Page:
William Anderson (minister)
William Anderson, LL.D. (1799–1873) was a Scottish theological writer and preacher.
Anderson was born on 6 January 1799, at Kilsyth, near Glasgow, where his father, Rev. John Anderson, was minister of a congregation of what was then called the Relief church, afterwards merged in the United Presbyterian. William Anderson became a minister in the same communion, having been ordained in 1822 pastor of the congregation in John Street, Glasgow, an office which he held till his death, though for some years he had retired from its more active duties. Very early in his career Dr. Anderson manifested an eccentricity which procured for him the sobriquet of ‘daft Willie Anderson.’ He showed much resolution in his early youth in insisting on his right to read his discourses in the pulpit from manuscript, and in his vindication of the use of the organ in public worship.
As a preacher he was popular, but his powers were more forcibly displayed on public platforms. He was an uncompromising opponent of slavery, an enthusiastic supporter of oppressed nationalities, an eager advocate of political reforms in the interest of the people, and a cordial supporter of liberal measures generally. He was likewise a strenuous advocate for the separation of church and state. On one occasion in London, in pleading the anti-slavery cause, he appeared on the same platform with Daniel O'Connell, and made so favourable an impression that O'Connell and the audience urged him to continue his speech when the time allotted to him came to an end.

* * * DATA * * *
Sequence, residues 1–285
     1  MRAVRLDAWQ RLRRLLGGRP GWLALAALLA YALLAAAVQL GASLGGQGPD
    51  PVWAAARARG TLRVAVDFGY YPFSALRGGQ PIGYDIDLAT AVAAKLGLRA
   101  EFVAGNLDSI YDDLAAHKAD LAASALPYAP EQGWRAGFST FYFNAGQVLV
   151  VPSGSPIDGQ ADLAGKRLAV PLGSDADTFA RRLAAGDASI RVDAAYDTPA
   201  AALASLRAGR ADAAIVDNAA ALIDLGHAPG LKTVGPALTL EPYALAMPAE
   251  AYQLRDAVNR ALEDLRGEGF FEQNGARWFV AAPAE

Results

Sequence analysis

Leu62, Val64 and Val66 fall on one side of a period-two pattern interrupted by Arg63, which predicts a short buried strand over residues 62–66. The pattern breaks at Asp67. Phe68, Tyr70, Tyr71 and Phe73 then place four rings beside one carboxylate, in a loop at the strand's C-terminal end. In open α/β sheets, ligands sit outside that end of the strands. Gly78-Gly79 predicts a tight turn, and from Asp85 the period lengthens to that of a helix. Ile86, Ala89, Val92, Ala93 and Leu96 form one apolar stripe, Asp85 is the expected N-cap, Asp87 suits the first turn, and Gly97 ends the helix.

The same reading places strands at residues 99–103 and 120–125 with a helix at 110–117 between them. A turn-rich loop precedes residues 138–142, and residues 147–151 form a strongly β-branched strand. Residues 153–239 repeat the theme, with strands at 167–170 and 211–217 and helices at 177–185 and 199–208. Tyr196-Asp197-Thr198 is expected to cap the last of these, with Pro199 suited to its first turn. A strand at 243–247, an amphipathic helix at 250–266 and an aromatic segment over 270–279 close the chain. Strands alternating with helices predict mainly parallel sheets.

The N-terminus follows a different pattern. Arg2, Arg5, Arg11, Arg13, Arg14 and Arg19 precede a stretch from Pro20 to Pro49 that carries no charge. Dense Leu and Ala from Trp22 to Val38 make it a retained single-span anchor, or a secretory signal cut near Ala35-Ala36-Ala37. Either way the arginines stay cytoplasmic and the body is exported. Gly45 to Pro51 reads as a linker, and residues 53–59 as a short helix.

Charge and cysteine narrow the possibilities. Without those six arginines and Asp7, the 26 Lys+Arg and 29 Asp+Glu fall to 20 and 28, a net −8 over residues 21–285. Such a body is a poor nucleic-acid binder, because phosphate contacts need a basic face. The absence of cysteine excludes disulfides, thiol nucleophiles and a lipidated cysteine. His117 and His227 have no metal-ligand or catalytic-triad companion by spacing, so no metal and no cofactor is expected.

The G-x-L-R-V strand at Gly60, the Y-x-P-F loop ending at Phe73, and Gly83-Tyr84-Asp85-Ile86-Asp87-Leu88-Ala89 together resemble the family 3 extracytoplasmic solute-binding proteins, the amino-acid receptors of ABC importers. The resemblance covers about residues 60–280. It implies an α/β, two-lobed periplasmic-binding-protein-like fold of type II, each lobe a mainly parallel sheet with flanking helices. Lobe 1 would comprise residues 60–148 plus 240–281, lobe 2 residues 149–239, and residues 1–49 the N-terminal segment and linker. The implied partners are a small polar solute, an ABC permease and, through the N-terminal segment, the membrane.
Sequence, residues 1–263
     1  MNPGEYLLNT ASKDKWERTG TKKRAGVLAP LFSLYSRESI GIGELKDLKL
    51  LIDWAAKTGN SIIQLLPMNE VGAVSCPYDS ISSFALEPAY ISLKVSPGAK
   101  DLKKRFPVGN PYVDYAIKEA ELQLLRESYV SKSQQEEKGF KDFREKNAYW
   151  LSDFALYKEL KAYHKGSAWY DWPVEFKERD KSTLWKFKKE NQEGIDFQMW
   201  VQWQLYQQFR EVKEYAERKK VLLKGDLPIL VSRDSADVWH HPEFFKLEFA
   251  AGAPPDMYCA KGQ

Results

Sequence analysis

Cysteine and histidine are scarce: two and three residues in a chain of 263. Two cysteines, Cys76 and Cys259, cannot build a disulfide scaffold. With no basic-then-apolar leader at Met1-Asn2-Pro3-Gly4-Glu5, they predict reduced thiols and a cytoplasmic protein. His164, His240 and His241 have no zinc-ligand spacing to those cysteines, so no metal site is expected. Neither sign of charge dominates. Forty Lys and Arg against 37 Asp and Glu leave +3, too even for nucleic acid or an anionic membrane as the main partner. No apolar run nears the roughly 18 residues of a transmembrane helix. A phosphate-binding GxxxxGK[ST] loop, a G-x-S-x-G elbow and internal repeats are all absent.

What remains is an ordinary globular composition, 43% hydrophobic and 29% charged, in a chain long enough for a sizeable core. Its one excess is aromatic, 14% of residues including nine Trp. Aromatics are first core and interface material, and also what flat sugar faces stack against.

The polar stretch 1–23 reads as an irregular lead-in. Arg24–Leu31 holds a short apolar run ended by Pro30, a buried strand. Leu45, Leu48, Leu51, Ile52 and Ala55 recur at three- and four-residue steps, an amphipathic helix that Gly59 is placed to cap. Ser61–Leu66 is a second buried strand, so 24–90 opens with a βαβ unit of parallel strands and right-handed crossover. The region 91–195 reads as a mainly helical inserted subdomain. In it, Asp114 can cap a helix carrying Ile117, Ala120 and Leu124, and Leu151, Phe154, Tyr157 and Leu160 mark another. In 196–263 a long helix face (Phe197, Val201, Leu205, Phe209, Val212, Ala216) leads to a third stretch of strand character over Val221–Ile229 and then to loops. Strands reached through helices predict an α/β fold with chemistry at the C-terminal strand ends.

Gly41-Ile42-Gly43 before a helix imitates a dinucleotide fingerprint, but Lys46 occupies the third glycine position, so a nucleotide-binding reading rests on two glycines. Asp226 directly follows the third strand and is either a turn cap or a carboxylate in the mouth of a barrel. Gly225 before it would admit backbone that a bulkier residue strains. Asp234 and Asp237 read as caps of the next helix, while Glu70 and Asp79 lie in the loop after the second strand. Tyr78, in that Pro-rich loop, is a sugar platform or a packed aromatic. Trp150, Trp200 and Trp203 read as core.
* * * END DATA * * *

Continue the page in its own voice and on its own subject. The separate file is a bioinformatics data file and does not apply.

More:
Dr. Anderson was a great favourite with the community of Glasgow, and, in a sense, held a similar position to that of Dr. Chalmers before him, and that of Dr. Norman Macleod after him. He encouraged independence of thought and action, and had no was a strenuous opponent of the Church of Rome. He was a strong millennarian, and in early life had come under the influence of Edward Irving and Mr. Cunninghame of Lainshaw.
Dr. Anderson published many pamphlets and several books. His larger productions were two volumes of sermons, a volume on Regeneration, one on the ‘Filial Honour of God,’ and two volumes on the Mass and Penance. His theological position was that of a moderate Calvinist. In social life his wide general knowledge, his humour, his store of anecdotes and memorable sayings, rendered him singularly attractive. He received the degree of LL.D. from his own university of Glasgow in 1850.